2011, Coherence between geophysical excitations and celestial pole offsets.
Celestial pole offsets (CPO) are the differences between the observed pole position in space and its adopted model (IAU 2000 for nutation and IAU 2006 for precession).
Today the Wagon seems to precede the Dragon around the celestial pole as the sky turns, but during the 3rd millennium BC the north celestial pole was near Alpha Draconis (Thuban), so the Wagon and most of the Dragon pivoted closely around the pole opposite each other.
We have used the celestial pole offsets (CPO) from the recent IVS combined solution (Schluter and Behrend, 2007) ivs09q3X, covering the interval 1984.
Polaris lies very close to the north celestial pole, marking the point about which all the stars in the northern sky appear to revolve as the Earth rotates.
The results it yielded were inaccurate--it put the telescope degrees away from the celestial pole.
Five EOP, describing the full orientation of the Earth in space, were solved for: two components of polar motion (fixing the position of the spin axis in the body), the angle of proper rotation around the spin axis, and two components of the celestial pole offsets (describing the misalignment of the spin axis with its position in space predicted by an accepted precession-nutation model).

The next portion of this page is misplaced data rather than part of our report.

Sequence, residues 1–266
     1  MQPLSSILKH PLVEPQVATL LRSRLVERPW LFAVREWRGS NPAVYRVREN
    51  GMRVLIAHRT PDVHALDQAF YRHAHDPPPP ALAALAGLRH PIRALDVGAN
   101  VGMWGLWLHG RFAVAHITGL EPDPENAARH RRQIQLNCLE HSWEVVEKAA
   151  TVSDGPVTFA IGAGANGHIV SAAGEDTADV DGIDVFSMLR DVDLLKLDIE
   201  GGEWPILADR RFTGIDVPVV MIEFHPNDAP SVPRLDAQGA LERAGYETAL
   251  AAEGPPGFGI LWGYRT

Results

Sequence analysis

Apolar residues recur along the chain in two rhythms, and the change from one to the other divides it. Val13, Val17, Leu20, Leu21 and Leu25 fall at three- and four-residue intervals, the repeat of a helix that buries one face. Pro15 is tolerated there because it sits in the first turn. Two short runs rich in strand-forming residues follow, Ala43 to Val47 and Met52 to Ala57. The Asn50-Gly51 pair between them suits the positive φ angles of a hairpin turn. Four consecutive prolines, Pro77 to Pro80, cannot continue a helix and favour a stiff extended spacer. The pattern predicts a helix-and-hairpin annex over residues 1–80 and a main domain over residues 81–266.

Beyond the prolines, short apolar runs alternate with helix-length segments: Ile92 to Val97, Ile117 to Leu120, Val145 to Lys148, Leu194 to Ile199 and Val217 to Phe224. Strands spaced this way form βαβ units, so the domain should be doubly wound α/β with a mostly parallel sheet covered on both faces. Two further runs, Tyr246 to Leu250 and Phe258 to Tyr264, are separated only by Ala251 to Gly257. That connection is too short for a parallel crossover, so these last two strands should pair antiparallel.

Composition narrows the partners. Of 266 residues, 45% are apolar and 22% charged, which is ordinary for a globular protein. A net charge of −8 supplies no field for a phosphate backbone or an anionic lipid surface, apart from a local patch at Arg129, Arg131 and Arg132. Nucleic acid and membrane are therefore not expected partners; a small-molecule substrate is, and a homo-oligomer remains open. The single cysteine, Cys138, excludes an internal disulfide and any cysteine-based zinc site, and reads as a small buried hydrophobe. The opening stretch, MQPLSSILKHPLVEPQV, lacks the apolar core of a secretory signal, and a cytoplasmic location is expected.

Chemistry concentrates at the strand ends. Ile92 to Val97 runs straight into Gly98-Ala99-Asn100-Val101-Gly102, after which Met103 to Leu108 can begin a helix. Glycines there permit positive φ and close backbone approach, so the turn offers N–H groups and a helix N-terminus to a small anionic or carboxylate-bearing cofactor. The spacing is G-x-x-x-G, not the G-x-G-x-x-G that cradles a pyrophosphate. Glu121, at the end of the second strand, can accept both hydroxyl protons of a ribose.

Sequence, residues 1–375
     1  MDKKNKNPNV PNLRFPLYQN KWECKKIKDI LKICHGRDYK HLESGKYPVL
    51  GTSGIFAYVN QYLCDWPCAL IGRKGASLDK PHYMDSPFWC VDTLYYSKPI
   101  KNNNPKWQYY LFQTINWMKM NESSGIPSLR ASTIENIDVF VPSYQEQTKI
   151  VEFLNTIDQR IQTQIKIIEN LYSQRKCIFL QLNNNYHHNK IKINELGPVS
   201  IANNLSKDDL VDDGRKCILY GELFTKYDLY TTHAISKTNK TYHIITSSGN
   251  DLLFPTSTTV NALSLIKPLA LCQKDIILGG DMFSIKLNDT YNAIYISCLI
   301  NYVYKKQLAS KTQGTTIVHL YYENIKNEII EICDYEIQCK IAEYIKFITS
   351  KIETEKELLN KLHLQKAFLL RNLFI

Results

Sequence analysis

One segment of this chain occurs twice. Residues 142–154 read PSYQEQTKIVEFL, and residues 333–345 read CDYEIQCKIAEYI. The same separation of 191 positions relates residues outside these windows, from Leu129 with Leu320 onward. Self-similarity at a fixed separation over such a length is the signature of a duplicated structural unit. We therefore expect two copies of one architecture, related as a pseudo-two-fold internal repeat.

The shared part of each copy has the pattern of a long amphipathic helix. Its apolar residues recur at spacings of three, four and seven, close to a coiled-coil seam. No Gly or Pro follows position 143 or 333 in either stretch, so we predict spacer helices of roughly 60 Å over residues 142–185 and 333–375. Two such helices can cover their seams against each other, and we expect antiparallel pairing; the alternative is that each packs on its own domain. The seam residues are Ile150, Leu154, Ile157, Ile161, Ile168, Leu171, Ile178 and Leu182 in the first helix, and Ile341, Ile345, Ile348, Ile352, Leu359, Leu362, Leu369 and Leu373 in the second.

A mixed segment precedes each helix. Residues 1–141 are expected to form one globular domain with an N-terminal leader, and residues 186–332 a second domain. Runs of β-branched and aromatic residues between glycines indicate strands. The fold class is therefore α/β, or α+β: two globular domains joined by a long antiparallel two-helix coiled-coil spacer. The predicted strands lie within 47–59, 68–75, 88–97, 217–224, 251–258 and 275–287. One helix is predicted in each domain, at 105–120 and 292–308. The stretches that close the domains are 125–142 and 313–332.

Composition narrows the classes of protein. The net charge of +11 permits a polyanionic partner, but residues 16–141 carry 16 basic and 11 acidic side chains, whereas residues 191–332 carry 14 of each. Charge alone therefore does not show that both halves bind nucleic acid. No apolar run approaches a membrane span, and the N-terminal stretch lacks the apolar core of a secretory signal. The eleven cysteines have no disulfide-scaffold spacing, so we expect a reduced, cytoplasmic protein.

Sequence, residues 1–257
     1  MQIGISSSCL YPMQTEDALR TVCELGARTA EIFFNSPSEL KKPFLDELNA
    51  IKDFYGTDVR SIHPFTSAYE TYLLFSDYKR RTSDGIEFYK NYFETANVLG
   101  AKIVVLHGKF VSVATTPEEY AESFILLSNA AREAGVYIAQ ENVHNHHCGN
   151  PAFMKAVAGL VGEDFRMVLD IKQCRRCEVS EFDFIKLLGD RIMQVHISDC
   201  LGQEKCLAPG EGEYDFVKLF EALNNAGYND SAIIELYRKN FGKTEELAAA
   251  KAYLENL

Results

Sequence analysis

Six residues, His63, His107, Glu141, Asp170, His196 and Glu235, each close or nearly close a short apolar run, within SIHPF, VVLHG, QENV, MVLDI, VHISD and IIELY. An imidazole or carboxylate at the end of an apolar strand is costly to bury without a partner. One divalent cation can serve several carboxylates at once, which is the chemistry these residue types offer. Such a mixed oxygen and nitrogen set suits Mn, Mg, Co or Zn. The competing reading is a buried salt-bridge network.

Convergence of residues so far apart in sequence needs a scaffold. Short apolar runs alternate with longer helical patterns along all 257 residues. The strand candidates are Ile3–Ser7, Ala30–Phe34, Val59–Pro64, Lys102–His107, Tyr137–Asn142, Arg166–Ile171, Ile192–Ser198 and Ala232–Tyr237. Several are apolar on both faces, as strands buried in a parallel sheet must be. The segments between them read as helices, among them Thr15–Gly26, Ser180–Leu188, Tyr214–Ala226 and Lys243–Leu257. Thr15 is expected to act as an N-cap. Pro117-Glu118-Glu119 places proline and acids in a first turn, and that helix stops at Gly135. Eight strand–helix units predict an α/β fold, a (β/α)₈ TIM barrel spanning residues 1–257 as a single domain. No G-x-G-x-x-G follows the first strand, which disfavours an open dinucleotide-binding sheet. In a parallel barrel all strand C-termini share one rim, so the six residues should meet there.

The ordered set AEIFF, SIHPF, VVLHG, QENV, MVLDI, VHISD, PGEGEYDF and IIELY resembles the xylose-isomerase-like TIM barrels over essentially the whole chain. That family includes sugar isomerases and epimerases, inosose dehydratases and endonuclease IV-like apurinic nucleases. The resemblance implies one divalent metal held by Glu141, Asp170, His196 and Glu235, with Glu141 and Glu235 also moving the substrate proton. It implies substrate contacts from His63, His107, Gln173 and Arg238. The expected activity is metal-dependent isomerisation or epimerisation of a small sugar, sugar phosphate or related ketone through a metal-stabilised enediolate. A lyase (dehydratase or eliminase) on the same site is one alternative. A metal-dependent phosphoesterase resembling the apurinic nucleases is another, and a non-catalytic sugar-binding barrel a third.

Even more exciting, Capella was only 1[degrees] from the north celestial pole, and Aldebaran was about 1[degrees] from Capella.
p], of the pole with respect to the International Terrestrial Reference Frame (ITRF), the Earth Rotation Angle (ERA) that is given as a linear function of Universal Time (UT1) and two components of the celestial pole offset, dX, dY, which denote the observed corrections to the adopted precession-nutation model.
Against a uniformly black background, points of light in fixed relationship to one another slowly orbit the celestial pole or rise and set with clockwork regularity.
The star chart above can be used for checking the limiting magnitude around the South celestial pole with the naked eye.